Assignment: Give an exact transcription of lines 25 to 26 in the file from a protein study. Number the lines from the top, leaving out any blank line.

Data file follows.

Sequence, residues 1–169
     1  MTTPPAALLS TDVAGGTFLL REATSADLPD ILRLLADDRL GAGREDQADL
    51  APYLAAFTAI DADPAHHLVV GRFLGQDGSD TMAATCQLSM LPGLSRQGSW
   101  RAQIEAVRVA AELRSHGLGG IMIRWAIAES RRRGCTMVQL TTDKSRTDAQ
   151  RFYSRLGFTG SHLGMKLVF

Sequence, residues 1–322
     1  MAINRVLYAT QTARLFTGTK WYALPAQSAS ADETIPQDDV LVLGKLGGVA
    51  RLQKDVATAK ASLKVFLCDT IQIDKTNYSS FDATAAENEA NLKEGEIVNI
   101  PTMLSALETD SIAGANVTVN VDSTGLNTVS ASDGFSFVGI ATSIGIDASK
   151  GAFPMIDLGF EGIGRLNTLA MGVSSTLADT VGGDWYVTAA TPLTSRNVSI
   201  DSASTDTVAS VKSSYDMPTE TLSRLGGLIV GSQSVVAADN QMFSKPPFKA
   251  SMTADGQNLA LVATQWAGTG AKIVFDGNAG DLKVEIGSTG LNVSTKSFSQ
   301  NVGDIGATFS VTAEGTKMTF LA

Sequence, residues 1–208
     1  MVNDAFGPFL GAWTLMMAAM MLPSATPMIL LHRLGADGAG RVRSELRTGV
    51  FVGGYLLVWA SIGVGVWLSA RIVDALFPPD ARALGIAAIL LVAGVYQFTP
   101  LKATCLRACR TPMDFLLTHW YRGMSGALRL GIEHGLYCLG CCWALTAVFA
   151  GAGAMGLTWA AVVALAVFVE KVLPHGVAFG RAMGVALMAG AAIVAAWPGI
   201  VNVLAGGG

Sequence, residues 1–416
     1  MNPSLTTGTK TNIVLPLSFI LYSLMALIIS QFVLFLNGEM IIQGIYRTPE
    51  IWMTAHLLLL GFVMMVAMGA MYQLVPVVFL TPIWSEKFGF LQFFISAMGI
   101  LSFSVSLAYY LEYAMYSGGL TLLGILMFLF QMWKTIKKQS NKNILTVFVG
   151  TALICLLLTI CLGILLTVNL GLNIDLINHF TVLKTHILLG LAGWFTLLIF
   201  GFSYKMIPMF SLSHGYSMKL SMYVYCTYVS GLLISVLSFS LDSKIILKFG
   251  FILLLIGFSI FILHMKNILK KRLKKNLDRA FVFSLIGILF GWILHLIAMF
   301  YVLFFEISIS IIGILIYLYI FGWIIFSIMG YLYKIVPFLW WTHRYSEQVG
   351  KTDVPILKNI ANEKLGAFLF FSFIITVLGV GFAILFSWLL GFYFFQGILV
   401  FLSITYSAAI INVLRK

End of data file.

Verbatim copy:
   201  GFSYKMIPMF SLSHGYSMKL SMYVYCTYVS GLLISVLSFS LDSKIILKFG
   251  FILLLIGFSI FILHMKNILK KRLKKNLDRA FVFSLIGILF GWILHLIAMF